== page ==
|El Cajon Valley||648||25|
Most high schools in the district offer advanced placement (AP) courses. The percent of students in AP courses varies from school to school.
|School||Total number of AP courses||Percent of students in AP courses|
|El Cajon Valley||7||12.3%|
With 2,300 employees and hundreds more hourly employees, GUHSD is the largest employer of eastern San Diego County. GUHSD is also very ethnically diverse. Of the 24,000 students that attend schools in the district, approximately 53% are white, while 47% identify as one or more of the following: Latino, African-American, Asian, Filipino, Pacific Islander, and Native American. At the school level, these statistics change significantly. In fact, some schools comprise minority-majority populations. While non-Hispanic whites represent over 75% of the Santana High School student body, they make up only 16% at Mount Miguel High School.
A 1992 UC Santa Barbara-University of British Columbia-University of Edinburgh study examined the extent and impact of ethnic and racial segregation on the achievement gap in California's six largest school districts, including GUHSD, during the 1988–1989 school year. Within these districts, the study found that GUHSD had the highest concentration of white students, while San Francisco Unified School District and Los Angeles Unified School District had the lowest. The study suggested that such widespread segregation may have led to significant differences in achievement levels across schools and among ethnic groups.
Average class size in the district varies by grade level, subject area and school. The district, however, reports that it provides staffing resources at a ratio of 35 students to one teacher. Based on audited financial statements for the 2006–2007 fiscal year, the district spent an average of $9,030 to educate each student.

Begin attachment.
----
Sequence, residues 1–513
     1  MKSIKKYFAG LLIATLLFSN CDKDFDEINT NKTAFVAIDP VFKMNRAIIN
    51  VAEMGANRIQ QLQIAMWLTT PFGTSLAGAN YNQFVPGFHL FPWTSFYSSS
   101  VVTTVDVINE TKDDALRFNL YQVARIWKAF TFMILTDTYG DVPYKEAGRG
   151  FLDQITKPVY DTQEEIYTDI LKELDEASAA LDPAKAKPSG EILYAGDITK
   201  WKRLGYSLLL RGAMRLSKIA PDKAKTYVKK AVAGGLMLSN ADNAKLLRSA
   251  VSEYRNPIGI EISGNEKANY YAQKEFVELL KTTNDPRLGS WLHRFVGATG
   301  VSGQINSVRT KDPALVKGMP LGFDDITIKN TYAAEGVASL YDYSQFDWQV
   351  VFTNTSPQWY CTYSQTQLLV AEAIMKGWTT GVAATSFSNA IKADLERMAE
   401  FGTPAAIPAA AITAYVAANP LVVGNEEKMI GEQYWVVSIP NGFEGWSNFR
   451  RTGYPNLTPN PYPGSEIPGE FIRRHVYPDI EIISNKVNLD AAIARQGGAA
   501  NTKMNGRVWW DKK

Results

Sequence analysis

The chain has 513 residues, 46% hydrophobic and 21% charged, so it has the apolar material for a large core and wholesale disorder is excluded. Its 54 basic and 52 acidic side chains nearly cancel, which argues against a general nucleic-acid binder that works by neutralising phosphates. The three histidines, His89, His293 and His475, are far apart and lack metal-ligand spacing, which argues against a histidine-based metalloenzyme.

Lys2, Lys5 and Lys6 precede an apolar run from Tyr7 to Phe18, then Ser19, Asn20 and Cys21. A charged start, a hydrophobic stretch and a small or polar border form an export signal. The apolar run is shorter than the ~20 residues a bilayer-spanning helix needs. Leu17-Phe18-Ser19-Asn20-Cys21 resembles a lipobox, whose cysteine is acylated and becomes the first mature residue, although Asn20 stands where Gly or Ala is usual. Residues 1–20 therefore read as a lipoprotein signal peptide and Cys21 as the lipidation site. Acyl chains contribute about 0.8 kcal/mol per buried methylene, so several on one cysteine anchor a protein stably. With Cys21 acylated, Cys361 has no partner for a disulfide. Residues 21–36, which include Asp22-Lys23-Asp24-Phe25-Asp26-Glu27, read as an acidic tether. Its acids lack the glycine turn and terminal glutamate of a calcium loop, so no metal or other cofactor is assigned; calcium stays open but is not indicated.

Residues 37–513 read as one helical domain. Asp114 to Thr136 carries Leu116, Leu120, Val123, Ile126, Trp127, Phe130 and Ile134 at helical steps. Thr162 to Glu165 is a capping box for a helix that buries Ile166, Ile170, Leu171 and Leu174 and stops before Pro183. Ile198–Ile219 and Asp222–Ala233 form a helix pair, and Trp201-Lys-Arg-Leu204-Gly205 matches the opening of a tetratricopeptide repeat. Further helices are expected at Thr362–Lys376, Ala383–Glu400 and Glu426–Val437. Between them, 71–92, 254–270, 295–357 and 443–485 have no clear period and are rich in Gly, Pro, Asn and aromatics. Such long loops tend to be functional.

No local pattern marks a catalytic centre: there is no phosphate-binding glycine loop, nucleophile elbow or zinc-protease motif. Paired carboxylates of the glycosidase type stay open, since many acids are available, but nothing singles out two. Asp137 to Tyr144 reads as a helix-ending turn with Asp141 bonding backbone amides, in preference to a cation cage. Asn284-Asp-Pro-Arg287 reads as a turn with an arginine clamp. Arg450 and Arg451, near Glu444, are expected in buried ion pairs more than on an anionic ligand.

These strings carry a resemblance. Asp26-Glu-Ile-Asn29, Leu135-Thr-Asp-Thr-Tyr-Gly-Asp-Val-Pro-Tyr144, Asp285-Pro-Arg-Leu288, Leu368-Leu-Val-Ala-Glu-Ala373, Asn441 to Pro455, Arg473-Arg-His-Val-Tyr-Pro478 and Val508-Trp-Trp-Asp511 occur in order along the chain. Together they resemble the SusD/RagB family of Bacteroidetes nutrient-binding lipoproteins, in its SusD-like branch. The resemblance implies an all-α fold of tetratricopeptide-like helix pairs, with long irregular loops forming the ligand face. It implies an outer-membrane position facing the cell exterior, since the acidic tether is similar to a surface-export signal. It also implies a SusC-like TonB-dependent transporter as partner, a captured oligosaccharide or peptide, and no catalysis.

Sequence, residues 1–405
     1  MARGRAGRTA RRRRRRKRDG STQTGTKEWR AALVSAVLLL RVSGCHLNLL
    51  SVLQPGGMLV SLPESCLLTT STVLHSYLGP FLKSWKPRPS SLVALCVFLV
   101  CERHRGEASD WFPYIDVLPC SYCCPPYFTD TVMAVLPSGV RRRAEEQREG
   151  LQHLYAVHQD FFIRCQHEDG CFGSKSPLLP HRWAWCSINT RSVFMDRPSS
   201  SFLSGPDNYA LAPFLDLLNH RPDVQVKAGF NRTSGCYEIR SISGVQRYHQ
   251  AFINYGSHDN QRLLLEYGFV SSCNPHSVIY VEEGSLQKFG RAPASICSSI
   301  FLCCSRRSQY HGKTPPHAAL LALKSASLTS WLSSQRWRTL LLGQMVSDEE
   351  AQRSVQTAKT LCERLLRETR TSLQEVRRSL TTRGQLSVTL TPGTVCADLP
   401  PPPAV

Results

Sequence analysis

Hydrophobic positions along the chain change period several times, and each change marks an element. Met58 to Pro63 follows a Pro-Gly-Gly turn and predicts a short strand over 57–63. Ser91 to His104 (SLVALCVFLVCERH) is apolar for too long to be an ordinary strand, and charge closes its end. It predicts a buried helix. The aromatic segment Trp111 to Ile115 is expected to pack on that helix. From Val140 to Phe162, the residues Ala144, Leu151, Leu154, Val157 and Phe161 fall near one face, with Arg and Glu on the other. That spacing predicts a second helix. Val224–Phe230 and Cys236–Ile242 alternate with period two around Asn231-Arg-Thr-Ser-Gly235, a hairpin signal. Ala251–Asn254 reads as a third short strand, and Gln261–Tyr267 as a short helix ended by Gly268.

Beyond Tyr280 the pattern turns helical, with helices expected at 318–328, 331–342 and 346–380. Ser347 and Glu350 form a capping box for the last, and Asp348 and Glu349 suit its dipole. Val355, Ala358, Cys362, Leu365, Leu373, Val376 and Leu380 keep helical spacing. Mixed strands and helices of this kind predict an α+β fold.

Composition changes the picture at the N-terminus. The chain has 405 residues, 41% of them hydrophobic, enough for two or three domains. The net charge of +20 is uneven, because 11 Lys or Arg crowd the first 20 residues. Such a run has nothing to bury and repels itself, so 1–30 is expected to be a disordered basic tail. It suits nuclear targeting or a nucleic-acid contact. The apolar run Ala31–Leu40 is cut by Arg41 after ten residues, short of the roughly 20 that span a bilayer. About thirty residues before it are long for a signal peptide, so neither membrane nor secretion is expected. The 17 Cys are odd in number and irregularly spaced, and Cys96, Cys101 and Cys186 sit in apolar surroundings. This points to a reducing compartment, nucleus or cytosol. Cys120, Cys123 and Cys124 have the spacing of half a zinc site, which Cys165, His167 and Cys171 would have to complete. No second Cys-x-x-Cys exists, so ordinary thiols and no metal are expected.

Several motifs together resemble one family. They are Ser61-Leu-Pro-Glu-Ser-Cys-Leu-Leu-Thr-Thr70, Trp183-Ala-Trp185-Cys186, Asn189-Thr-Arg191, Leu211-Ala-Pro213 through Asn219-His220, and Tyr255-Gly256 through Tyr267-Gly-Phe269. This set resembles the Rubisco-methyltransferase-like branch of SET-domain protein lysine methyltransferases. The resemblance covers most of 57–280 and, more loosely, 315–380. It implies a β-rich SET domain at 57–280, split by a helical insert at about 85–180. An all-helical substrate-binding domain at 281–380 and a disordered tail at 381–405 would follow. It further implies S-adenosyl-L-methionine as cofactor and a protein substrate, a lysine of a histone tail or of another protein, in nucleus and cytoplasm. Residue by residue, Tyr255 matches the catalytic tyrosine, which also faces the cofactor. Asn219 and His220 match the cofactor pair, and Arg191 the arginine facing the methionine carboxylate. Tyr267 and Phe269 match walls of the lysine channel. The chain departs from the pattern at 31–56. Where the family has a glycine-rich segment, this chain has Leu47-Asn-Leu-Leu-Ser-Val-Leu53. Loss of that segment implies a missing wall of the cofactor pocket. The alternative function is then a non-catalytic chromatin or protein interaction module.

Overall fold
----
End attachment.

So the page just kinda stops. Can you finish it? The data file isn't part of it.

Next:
Socioeconomic backgrounds vary across student populations as well. The district reports relatively large percentages of socioeconomically disadvantaged students at several schools. During the 2005–2006 school year, 50% of students were considered disadvantaged at Mount Miguel High School, while 62%, 48% and 42% were deemed so at El Cajon Valley High School, Helix High School and Monte Vista High School, respectively. Valhalla High School had the lowest proportion of socioeconomically disadvantaged students, with only 12%.
Chaparral High School is the main continuation/alternative school of the district. Comprehensive schools may refer students to Chaparral for reasons involving poor attendance, lack of academic success and/or behavioral issues.